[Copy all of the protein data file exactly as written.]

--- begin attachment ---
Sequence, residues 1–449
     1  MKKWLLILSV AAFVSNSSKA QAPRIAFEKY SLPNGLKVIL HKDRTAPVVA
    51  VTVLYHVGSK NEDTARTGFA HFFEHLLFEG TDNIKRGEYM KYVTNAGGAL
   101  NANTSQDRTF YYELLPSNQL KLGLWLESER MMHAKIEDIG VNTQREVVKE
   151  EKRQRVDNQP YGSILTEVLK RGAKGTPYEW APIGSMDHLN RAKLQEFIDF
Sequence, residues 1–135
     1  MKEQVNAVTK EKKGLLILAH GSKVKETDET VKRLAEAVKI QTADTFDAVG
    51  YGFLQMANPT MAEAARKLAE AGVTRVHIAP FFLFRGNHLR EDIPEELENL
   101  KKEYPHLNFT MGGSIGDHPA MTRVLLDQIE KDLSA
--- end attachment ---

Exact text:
Sequence, residues 1–449
     1  MKKWLLILSV AAFVSNSSKA QAPRIAFEKY SLPNGLKVIL HKDRTAPVVA
    51  VTVLYHVGSK NEDTARTGFA HFFEHLLFEG TDNIKRGEYM KYVTNAGGAL
   101  NANTSQDRTF YYELLPSNQL KLGLWLESER MMHAKIEDIG VNTQREVVKE
   151  EKRQRVDNQP YGSILTEVLK RGAKGTPYEW APIGSMDHLN RAKLQEFIDF
Sequence, residues 1–135
     1  MKEQVNAVTK EKKGLLILAH GSKVKETDET VKRLAEAVKI QTADTFDAVG
    51  YGFLQMANPT MAEAARKLAE AGVTRVHIAP FFLFRGNHLR EDIPEELENL
   101  KKEYPHLNFT MGGSIGDHPA MTRVLLDQIE KDLSA